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\newtheorem{conjecture}{Conjecture}
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\lhead{MATH 311-02}
\chead{Problem Set \#3}
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\rfoot{\bf due February 18}
\begin{document}
\begin{enumerate}
\item \textbf{(15 points)} \emph{Below are two proofs relating to
divisibility of products.}
\begin{enumerate}
\item \textbf{(7 points)} \emph{Determine the sufficient (and if
possible necessary) conditions on an integer $n$ for the
following statement to be true: ``For integers $a$ and $b$, if
$n\nmid ab$, then $n\nmid a$ and $n\nmid b$.''. Then state the
condition on $n$ and the resulting impliccation as a proposition
and prove it.}
% \mid and \nmid are a divisibility bar and a negated divisibility
% bar, respectively.
% Below, for your edification, a construction of a proposition and
% its proof in LaTeX. Obviously these are just filler text at
% present, and you must determine exactly what conditions on $n$
% to include in the proposition, and what text to include in the
% proof.
% These environments ("proposition" and "proof") are given by
% the amsthm package; "proof" is explicitly defined by it, while
% "proposition" we defined ourselves way back at the beginning of
% the document, by using a \newtheorem environment.
\begin{proposition}
% As written this is wrong. I threw the word "cromulent" in as
% an example of a restriction on $n$ beyond merely being an
% integer. As far as I know, there is no such thing as a
% "cromulent" integer, so try to figure out a exactly what
% restrictions on $n$ are appropriate instead.
Let $n$ be a cromulent integer. If $a$ and $b$ are integers such
that $n\nmid ab$, then $n\nmid a$ and $n\nmid b$.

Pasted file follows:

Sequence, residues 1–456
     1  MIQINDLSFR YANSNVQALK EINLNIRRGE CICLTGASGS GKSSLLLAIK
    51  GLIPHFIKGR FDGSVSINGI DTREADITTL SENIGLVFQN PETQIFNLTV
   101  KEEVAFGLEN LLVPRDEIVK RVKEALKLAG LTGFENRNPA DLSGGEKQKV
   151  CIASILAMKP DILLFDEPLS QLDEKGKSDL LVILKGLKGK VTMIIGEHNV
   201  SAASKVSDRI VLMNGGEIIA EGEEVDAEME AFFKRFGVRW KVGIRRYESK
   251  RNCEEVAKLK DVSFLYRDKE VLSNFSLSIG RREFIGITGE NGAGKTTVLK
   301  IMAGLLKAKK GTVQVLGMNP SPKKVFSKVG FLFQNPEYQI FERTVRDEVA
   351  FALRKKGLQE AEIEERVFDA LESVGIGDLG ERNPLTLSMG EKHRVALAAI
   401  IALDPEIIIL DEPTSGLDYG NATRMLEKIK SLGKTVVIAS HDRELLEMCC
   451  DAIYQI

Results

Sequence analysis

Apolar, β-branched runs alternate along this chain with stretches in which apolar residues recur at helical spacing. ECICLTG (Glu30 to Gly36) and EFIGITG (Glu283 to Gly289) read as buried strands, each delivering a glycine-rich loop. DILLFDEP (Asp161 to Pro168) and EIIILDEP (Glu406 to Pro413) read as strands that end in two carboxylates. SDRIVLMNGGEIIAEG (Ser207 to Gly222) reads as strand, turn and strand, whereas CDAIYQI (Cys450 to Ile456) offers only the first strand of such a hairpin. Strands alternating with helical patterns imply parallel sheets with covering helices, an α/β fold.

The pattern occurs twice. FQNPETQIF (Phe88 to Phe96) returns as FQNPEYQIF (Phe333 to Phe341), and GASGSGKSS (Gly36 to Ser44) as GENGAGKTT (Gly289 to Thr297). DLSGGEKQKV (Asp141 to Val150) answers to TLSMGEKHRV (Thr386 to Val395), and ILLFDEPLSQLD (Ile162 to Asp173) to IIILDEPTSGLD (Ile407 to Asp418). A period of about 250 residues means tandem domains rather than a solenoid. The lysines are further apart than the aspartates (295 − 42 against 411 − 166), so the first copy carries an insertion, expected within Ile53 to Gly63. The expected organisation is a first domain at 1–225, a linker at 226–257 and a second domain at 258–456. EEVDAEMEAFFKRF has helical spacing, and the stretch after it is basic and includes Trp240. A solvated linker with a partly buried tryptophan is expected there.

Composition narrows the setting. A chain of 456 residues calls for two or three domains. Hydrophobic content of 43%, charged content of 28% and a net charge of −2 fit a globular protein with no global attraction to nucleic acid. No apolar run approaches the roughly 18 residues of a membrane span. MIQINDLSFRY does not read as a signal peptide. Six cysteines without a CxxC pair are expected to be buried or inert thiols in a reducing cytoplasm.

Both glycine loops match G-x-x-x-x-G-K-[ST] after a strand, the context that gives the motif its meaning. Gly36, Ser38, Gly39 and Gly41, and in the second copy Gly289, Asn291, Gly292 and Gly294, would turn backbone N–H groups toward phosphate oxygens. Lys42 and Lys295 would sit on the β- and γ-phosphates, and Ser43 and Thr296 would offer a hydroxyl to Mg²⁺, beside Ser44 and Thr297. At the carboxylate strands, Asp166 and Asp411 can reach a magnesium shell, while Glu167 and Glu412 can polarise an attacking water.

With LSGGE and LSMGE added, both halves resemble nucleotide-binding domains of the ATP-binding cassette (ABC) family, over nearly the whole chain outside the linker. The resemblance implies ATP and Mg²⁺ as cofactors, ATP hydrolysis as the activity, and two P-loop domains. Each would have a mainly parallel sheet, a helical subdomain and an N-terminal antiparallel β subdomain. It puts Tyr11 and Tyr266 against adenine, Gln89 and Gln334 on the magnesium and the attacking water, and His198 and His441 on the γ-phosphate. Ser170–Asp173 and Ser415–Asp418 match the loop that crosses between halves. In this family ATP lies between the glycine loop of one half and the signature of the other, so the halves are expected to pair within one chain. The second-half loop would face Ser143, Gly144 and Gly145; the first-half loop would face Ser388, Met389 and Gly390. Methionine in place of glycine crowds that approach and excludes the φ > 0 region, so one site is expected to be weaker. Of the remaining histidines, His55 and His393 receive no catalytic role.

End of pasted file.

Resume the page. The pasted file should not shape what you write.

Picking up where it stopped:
\end{proposition}
\begin{proof}
We restate the premise here. Then we argue by steps from our
premise. Lorem ipsum dolor sit amet, consectetur adipisicing
elit, sed do eiusmod tempor incididunt ut labore et dolore magna
aliqua. Ut enim ad minim veniam, quis nostrud exercitation
ullamco laboris nisi ut aliquip ex ea commodo consequat. Duis
aute irure dolor in reprehenderit in voluptate velit esse cillum
dolore eu fugiat nulla pariatur. Excepteur sint occaecat
cupidatat non proident, sunt in culpa qui officia deserunt
mollit anim id est laborum. Finally we reach our conclusion.
\end{proof}
\item \textbf{(8 points)} \emph{Determine the sufficient (and if
possible necessary) conditions on an integer $n$ for the
following statement to be true: ``For integers $a$ and $b$, if
$n\mid ab$, then either $n\mid a$ or $n\mid b$.''. Then state the
condition on $n$ and the resulting impliccation as a proposition
and prove it.}
\end{enumerate}
\item \textbf{(12 points)} \emph{In class we saw a proof that $\sqrt{2}$ is irrational. Here we will explore variations on it.}
\begin{enumerate}
\item \textbf{(8 points)} \emph{Modify the proof of $\sqrt2$'s
irrationality to produce a proof that for integer $n$, $\sqrt n$
is irrational if $n$ is not exactly the square of some
integer.}
% \sqrt{...} puts its argument under a radical; Here it's
% sometimes used with a single-character argument. Beware of such
% forms as, e.g. \sqrt16; that wouldn't typeset right, and you
% probably mean \sqrt{16}.
\item \textbf{(4 points)} \emph{Explain why this proof couldn't be
modified to prove that $\sqrt 4$ is irrational. Don't merely
point out that $\sqrt 4$ is rational; exhibit why the specific
proof of the irrationality of $\sqrt 2$ doesn't work when the 2
is replaced with a 4.}
\end{enumerate}
\item \textbf{(7 points)} \emph{Let $a,b\in\mathbb Z$. Prove that if
$a^2+2b^2\equiv 0\pmod{3}$, then either $a$ and $b$ are both
congruent to zero modulo 3 or neither is congruent to zero modulo
3.}
% \equiv is a three-lined equals-sign, as is commonly used to assert
% congruence (in some modulus). \pmod{...} puts a parenthesised
% "(mod ...)" in the expression. You can explore and compare to
% "\bmod ...", which is the binary operator "mod", common in
% computer science pseudocode.
\item \textbf{(6 points)} \emph{Let $A$, $B$, and $C$ be sets. Prove
that $(A-B)\cup(A-C)=A-(B\cap C)$.}
% You only need to do the following if you want to -- which is why
% it's commented out in the basic template, so that it doesn't show
% up unless you uncomment it and work on it.
% \item \textbf{(4 point bonus)} \emph{Prove (possibly following the
% structure of the similar proof in class) that if every two
% vertices of a regular 17-sided polygon are joined with segments
% colored red, green, or blue, then regardless of how the segments
% are colored, some three vertices are joined by three edges of the
% same color.}
\end{enumerate}
\end{document}